Your website is your workhorse

websiteI am hoping that you’re still giving some thought as to how to head into 2019 with smart marketing that gives you the edge. To that point, we’re continuing with the ongoing series I’ve been writing on the most important marketing channels to consider for 2019. The focus of this post may seem like a “duh” but honestly – most businesses still get this wrong. Your website is THE workhorse of your marketing toolbox. I don’t care who you are, what you sell or how big your business is, without an effective website, you are losing sales.

At some point in your buyer’s journey, they are going to visit your website. It’s pretty much that cut and dried today. If you remember the statistic, I quoted earlier in the series, 92% of consumers visit a retailers website before making a purchase. 94% of business-to-business buyers check out your site before committing.

Here’s what they are looking for when they visit. Do an audit of your site to make sure you are providing exactly what they need to see before they say yes to your offer. Not only do all of these elements need to be there, but they also need to be easy to find.

Proof that you get them: Everyone believes that their circumstance is unique and they want to work with someone who understands their situation. If you serve families, make sure that your copy explains why you have insight into that world. If your business works with IT departments, then your copy and visuals need to demonstrate that you live in that world too.

This is not your first rodeo: This is not about making the site all about your 25th anniversary, which for the most part is only a big deal to you and your team. But it is about demonstrating that you’ve been successful in your field for a while now and that you’re not going anywhere. You can talk about your company’s history, the tenure of your employees or customers or how the industry has changed. Be interesting in documenting your depth of expertise.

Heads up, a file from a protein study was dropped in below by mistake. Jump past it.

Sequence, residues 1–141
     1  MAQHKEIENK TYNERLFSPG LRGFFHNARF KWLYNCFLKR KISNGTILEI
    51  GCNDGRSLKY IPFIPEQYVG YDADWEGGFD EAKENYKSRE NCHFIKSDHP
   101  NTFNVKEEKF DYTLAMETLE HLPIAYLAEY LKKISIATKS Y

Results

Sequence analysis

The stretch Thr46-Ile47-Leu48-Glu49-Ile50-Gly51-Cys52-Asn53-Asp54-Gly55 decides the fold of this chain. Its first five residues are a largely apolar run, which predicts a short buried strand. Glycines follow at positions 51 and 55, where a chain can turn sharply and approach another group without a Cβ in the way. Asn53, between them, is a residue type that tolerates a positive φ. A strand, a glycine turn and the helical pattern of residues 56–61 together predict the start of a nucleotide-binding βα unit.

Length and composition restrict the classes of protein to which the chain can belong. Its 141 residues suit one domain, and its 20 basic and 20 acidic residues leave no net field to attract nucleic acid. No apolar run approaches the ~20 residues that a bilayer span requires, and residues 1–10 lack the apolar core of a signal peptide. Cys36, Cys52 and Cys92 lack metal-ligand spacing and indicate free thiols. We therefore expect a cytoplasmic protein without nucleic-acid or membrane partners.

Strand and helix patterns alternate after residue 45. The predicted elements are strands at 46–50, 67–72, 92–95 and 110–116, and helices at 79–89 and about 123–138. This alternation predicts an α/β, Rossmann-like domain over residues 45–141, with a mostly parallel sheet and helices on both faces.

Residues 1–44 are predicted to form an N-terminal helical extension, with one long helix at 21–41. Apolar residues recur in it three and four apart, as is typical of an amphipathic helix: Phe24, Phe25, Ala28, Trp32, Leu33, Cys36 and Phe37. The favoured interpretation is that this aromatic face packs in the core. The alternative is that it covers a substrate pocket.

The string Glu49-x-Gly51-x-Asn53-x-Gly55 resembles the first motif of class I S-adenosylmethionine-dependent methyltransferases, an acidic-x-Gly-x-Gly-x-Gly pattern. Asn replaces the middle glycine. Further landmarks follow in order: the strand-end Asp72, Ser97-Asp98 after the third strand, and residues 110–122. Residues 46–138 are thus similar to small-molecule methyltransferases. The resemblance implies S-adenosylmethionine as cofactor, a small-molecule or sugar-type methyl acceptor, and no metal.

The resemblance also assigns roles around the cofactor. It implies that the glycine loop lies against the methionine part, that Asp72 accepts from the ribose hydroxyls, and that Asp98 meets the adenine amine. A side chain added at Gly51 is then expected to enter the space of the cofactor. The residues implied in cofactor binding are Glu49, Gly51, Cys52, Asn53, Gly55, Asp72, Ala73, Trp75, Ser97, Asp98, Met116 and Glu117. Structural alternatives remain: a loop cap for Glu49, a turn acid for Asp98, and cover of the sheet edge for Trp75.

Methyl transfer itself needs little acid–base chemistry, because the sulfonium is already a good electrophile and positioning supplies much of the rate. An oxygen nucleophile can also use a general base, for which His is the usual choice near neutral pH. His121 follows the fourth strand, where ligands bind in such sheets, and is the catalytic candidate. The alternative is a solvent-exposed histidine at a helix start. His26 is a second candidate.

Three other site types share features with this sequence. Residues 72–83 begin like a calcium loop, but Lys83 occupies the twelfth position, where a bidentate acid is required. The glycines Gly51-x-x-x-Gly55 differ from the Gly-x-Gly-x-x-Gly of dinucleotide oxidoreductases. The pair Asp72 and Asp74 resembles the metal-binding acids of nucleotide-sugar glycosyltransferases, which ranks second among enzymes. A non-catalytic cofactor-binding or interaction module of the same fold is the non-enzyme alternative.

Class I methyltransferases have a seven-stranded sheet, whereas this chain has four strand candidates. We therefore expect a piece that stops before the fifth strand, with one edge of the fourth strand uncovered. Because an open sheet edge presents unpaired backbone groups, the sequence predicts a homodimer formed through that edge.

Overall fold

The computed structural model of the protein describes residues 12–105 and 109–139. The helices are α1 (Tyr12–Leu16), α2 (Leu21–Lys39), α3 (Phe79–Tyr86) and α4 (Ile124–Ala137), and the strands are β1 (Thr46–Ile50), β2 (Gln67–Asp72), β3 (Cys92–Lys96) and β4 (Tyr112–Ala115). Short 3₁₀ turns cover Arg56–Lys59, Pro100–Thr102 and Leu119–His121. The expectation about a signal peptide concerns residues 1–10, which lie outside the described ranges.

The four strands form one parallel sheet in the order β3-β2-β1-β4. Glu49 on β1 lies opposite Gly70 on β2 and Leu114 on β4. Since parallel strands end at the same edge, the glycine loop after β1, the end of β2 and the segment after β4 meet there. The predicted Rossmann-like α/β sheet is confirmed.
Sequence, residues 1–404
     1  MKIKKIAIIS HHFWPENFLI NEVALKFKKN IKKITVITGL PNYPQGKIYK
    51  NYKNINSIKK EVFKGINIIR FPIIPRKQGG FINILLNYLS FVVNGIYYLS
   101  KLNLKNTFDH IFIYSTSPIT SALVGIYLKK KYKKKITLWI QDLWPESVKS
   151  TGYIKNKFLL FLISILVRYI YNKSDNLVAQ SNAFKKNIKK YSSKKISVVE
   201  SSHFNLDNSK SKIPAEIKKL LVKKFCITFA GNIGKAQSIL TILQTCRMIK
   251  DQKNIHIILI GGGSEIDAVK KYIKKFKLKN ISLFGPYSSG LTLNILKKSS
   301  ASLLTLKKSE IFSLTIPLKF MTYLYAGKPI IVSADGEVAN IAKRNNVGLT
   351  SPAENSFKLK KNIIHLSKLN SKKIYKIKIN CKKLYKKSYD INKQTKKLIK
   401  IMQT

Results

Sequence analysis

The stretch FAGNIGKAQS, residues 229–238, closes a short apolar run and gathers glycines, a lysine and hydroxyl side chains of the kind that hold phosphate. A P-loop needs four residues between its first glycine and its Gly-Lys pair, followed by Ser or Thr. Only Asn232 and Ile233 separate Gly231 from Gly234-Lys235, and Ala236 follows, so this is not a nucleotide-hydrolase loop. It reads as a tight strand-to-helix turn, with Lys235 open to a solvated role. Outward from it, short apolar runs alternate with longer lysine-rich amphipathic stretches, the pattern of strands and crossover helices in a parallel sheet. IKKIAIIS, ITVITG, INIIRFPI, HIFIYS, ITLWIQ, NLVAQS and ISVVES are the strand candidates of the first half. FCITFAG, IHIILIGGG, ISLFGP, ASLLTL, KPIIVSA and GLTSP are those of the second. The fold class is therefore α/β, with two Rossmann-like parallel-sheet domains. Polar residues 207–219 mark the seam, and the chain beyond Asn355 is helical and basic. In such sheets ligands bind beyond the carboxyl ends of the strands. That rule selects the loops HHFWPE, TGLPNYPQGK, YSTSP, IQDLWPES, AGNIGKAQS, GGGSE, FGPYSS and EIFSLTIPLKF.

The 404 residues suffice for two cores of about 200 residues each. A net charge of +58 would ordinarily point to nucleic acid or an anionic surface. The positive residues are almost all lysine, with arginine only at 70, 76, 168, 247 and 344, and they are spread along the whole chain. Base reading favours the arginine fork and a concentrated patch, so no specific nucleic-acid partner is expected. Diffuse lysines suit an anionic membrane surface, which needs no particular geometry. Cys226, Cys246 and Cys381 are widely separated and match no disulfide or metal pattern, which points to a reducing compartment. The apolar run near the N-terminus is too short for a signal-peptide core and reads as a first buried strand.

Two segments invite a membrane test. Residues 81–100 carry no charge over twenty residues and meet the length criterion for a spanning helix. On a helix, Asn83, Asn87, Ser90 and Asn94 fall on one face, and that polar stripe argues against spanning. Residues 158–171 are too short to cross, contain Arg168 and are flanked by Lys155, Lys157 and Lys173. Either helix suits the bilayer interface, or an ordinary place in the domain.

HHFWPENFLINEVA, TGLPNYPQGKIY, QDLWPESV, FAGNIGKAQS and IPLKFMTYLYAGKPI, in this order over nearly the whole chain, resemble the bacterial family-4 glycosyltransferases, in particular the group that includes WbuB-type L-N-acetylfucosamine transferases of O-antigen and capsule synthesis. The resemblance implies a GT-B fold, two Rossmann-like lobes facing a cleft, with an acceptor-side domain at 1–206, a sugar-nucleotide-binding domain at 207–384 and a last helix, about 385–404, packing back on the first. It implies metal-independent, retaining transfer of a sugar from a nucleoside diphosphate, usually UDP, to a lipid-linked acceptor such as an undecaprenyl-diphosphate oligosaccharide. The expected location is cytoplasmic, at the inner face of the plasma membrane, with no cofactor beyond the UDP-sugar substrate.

That other clients like and trust you: Earlier in the series, we discussed the power of ratings and reviews. Whether you go the ratings/review route or you go old school and use testimonials – you need the social proof that other people count on you and you don’t disappoint. Ask your current customers to tell a story about what you sold them. Don’t make these so brief that they don’t capture both the before and after.

How to contact you: This blows me away, but many businesses make it difficult for a potential customer to actually reach them. Make sure that your email address and phone number (not just a form) are visible and available on not only your contact us page but also in your footer or header on every page.

If people actually come to you to make a purchase, be sure you include your hours of operation, physical address and a map. Don’t forget your social media links as well.

The details of what you sell: By the time they visit your site, the potential buyer wants to know the specifics of your products or services. This may be the right place for strong visuals, be it photos of your products or a visual outlining a service process or outcome. This is a really smart spot for some additional testimonials as well, that tie into your descriptions.

Make sure you follow this list to the letter.  You and your business can’t afford not to.